"And it dawned on me almost like a light, I could not not do something," Zawada said. "I didn't have to take away anybody's pain. I just needed to walk with them and learn from them and maybe somehow, I describe it in my religious terms as seeing the face of Christ, and working along those lines just learning from them, accompanying them in their plight and then hopefully to work with others for some type of resolution and relief."
That also meant becoming more political. Initially, he helped transport people fleeing conflicts in Central America across the U.S.-Mexico border in southern Texas. He was arrested for the first time in Chicago in 1984 while protesting CIA involvement in Nicaragua. In the following decades, the Franciscan friar by his count would be arrested more than 100 times, and he served the cumulative of roughly five years in prison for his various acts of civil disobedience.
Zawada joins hands with other peace activists in a demonstration action the construction of a new nuclear weapons production facility in Kansas City, Missouri, on August 16, 2010. (Allison McGillivray)
At times, Zawada's involvement in protests led to clashes with other clergy and his superiors. But he viewed his obedience as to God and the Gospel, and saw the work as following God's will.
One of his first major involvements with the peace movement came with the group Missouri Peace Planting '88, in which 14 activists visited some of the 150 nuclear missile silos in northwest Missouri, outside Kansas City, and prayed and planted corn and crosses over the sites.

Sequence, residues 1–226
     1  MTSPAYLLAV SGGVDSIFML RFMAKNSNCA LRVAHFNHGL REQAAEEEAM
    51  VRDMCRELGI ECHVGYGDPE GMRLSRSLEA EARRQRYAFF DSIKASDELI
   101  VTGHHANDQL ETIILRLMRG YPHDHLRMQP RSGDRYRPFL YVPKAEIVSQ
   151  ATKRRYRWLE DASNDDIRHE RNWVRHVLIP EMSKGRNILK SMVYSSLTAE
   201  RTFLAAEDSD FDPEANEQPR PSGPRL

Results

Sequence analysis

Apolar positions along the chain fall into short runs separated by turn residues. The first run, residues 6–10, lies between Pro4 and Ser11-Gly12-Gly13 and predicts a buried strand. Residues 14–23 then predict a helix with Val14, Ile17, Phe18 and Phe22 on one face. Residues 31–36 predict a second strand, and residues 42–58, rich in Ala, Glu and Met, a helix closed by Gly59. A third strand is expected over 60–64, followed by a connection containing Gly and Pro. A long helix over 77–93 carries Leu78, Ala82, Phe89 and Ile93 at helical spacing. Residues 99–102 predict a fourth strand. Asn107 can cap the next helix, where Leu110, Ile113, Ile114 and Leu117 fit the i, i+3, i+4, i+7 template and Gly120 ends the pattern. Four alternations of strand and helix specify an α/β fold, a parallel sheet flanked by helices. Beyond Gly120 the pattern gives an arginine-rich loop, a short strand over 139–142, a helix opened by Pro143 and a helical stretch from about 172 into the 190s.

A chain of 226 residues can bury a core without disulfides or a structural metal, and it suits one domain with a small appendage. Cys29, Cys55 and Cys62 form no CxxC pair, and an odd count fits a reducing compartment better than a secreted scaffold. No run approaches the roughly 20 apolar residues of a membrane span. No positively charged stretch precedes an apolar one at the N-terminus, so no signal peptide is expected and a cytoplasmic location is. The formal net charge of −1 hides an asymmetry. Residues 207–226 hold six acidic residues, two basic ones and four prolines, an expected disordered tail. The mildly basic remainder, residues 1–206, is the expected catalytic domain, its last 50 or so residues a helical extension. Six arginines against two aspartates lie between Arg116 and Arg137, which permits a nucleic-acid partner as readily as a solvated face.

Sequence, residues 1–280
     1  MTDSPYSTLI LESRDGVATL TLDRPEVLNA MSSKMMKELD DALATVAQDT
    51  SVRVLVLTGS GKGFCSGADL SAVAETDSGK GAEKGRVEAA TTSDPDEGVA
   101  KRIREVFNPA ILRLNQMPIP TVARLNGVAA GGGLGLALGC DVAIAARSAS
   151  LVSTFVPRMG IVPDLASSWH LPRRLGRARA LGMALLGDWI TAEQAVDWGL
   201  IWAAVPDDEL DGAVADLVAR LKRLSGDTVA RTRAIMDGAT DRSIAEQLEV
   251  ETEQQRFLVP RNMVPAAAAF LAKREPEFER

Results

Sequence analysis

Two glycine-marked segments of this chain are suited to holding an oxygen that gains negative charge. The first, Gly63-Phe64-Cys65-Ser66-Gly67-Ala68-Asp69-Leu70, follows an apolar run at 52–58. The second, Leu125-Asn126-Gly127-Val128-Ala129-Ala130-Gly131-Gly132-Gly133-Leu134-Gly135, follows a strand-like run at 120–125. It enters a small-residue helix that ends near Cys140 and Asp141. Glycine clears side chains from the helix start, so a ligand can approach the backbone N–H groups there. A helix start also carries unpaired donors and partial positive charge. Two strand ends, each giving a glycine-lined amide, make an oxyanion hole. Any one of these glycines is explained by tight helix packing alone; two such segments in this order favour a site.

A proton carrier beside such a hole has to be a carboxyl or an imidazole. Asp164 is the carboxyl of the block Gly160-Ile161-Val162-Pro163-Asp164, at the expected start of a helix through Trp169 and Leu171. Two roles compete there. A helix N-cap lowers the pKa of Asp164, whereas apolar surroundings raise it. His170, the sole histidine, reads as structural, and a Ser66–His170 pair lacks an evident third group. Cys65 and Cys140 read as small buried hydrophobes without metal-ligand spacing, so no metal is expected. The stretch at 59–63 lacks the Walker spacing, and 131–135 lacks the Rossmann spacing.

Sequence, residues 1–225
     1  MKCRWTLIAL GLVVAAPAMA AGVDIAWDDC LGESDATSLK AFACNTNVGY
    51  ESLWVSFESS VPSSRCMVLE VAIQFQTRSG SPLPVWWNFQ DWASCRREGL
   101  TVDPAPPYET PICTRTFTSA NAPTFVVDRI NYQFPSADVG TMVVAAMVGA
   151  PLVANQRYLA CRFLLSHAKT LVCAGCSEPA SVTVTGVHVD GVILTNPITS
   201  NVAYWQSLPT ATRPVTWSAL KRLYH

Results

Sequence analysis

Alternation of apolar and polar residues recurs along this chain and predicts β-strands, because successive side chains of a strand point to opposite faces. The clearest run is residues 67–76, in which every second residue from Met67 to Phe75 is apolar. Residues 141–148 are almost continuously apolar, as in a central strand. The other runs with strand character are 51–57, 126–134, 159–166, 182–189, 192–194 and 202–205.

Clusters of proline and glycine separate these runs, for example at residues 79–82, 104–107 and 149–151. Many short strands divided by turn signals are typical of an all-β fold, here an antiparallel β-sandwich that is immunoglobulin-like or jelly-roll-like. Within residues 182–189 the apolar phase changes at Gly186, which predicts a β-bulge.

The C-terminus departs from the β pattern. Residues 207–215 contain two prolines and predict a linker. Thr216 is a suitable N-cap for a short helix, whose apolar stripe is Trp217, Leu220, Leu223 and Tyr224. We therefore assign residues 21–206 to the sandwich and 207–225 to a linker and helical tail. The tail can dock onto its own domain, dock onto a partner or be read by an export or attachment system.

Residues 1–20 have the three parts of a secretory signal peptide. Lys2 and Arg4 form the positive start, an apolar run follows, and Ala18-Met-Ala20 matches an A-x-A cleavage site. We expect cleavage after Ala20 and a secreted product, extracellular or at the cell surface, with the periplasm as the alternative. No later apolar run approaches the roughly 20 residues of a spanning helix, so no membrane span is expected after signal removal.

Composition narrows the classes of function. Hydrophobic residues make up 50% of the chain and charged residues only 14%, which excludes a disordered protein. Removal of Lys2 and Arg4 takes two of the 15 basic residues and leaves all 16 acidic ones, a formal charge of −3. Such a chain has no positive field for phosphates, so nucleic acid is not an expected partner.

"We sang. We prayed. We joined hands," Zawada recalled of the actions. "When the military did come to take possession of us, we even invited them to join us if they so felt, to pray. And it was very meaningful, the whole thing; we did a lot of good things, symbolic things."
Zawada was arrested five times throughout the effort — the fifth time on the feast of St. Francis — and was sentenced to 25 months in prison.
"Jerry was just unhesitating in saying after we would be released that he was ready to go right back. And he did that again and again, knowing that this would certainly occasion prison time," Kelly said.
The time in prison served not as punishment to Zawada but as the place of his greatest ministry.
"For him, going to prison wasn't a bad thing," his Franciscan provincial Gannon said.